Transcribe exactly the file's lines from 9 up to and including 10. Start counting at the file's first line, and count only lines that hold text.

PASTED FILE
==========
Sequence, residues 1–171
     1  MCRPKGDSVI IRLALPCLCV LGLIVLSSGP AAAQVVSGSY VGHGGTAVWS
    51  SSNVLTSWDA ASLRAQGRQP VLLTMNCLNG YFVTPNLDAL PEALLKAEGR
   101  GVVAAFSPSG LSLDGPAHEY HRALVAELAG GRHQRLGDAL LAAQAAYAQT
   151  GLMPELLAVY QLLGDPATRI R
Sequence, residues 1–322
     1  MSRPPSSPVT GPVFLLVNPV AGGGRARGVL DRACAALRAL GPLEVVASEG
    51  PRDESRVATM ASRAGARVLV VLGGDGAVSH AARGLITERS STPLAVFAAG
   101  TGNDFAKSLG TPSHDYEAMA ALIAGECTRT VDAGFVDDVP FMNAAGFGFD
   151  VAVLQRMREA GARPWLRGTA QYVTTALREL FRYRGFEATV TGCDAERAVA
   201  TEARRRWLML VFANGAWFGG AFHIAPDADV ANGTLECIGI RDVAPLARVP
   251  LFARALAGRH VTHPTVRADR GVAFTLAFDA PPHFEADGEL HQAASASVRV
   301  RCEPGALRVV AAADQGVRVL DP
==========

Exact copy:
   101  TGNDFAKSLG TPSHDYEAMA ALIAGECTRT VDAGFVDDVP FMNAAGFGFD
   151  VAVLQRMREA GARPWLRGTA QYVTTALREL FRYRGFEATV TGCDAERAVA